The US-Mexico-Canada Agreement or USMCA is not law, at least not yet. NAFTA is still law. The USMCA is President Trump’s proposed replacement for NAFTA. Mexico already ratified the USMCA and Canada is on the verge of ratifying it. President Trump cannot just sign the USMCA into law. Congress must formally pass it, but the Democrats control the House of Representatives and they have a number of problems with the USMCA, probably the biggest problem is that President Trump is its author and primary advocate. Democrats are reluctant to give President Trump such a landmark victory, especially with elections are just a year away. The Democrats and some Republicans also complain about USMCA’s provisions related to labor, the environment, and patent protection for drugs.
The USMCA requires Mexico to revamp its labor laws within four years of ratification. For the US Congress to pass the USMCA, Mexico must first prove that it will foster unions and allow Mexican workers to bargain freely. US companies moved manufacturing operations to Mexico because they could pay Mexican worker less than US workers. The USMCA seeks to raise the wages and benefits of Mexican workers which, from President Trump’s perspective, will make the US worker relatively more attractive, perhaps even causing manufacturing jobs to come back to the US. The irony is that even as the Trump Administration promotes labor rights and benefits for Mexican workers, it opposes worker rights and benefits domestically. House Democrats thus far do not seem convinced that Mexico will or can actually become a workers’ paradise within four years.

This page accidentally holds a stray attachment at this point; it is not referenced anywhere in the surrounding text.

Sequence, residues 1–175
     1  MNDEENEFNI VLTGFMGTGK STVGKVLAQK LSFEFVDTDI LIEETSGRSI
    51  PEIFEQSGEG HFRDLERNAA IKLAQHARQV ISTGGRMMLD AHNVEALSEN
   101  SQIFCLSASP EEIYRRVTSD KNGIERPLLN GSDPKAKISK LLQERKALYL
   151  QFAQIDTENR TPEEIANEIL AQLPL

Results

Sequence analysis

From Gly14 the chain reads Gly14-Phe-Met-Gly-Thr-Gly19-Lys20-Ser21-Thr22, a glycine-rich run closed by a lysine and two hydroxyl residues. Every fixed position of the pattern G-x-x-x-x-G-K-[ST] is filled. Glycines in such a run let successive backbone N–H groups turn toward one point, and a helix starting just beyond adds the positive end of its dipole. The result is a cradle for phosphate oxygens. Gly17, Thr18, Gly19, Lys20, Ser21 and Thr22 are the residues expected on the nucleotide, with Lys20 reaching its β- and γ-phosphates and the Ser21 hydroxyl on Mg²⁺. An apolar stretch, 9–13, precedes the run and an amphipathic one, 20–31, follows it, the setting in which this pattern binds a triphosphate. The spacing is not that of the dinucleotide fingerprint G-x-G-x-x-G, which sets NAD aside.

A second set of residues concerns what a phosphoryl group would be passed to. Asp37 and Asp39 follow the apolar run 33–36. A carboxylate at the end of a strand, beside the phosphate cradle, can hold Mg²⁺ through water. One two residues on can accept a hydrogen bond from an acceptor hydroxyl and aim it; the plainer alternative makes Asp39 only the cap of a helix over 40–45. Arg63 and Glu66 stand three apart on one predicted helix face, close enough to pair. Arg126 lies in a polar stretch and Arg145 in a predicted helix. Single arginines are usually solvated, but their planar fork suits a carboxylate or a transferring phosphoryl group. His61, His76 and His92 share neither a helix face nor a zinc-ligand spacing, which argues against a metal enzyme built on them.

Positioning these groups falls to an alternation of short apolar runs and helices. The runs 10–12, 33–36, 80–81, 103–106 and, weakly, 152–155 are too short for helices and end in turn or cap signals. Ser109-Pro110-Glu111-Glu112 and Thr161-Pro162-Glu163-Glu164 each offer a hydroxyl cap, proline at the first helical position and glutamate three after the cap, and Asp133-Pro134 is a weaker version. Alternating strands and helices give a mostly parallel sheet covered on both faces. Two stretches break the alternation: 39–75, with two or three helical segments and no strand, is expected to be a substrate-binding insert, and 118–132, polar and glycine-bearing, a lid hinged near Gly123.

President Trump is trying to entice House Democrats. For example, he rescinded tariffs on Mexican and Canadian aluminum and steel imports. That gambit did not work.
President Trump threatens to fast-track and force a vote after the summer recess by submitting the treaty to Congress. While there is no formal deadline for the President to submit the USMCA to Congress, once he submits the USMCA, both chambers of Congress would have ninety days to ratify it. But trying to force Nancy Pelosi, the Speaker of the House, to do anything is a fraught strategy. Speaker Pelosi held off President Bush for five years when he tried to fast-track a free-trade deal with Colombia.
President Trump also threatens to pull out of NAFTA altogether. Under Article 22 of NAFTA, any party to the treaty may withdraw from the agreement with a six-month notice. If Trump nullifies NAFTA, Congress will have no choice but to pass the USMCA. At least that is what the President thinks will happen, but if that option were real and sincere, why wait? Perhaps the resulting economic and legal chaos that surely will take place is making him hesitate. The U.S. has never withdrawn from a trade deal and it is unclear whether the President needs Congressional approval to withdraw from NAFTA. It is even more uncertain if Congress would approve the treaty under a forced vote. Of course, if his trade war with China teaches us anything, President Trump does not mind disrupting trade relations.